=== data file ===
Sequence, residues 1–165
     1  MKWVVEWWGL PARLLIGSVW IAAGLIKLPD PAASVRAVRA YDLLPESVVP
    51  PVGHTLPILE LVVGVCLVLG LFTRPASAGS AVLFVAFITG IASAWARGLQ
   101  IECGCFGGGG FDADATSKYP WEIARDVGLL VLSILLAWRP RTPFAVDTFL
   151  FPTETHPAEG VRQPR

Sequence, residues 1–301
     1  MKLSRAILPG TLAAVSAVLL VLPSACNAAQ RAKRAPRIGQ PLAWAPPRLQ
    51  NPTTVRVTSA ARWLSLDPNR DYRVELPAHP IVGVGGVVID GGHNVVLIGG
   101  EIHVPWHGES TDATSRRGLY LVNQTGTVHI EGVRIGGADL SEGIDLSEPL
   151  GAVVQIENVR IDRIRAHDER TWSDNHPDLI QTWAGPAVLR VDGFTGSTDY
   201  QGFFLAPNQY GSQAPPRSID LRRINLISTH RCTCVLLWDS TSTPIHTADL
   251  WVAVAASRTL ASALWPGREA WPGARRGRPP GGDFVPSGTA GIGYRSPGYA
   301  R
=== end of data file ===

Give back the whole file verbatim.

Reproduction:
Sequence, residues 1–165
     1  MKWVVEWWGL PARLLIGSVW IAAGLIKLPD PAASVRAVRA YDLLPESVVP
    51  PVGHTLPILE LVVGVCLVLG LFTRPASAGS AVLFVAFITG IASAWARGLQ
   101  IECGCFGGGG FDADATSKYP WEIARDVGLL VLSILLAWRP RTPFAVDTFL
   151  FPTETHPAEG VRQPR

Sequence, residues 1–301
     1  MKLSRAILPG TLAAVSAVLL VLPSACNAAQ RAKRAPRIGQ PLAWAPPRLQ
    51  NPTTVRVTSA ARWLSLDPNR DYRVELPAHP IVGVGGVVID GGHNVVLIGG
   101  EIHVPWHGES TDATSRRGLY LVNQTGTVHI EGVRIGGADL SEGIDLSEPL
   151  GAVVQIENVR IDRIRAHDER TWSDNHPDLI QTWAGPAVLR VDGFTGSTDY
   201  QGFFLAPNQY GSQAPPRSID LRRINLISTH RCTCVLLWDS TSTPIHTADL
   251  WVAVAASRTL ASALWPGREA WPGARRGRPP GGDFVPSGTA GIGYRSPGYA
   301  R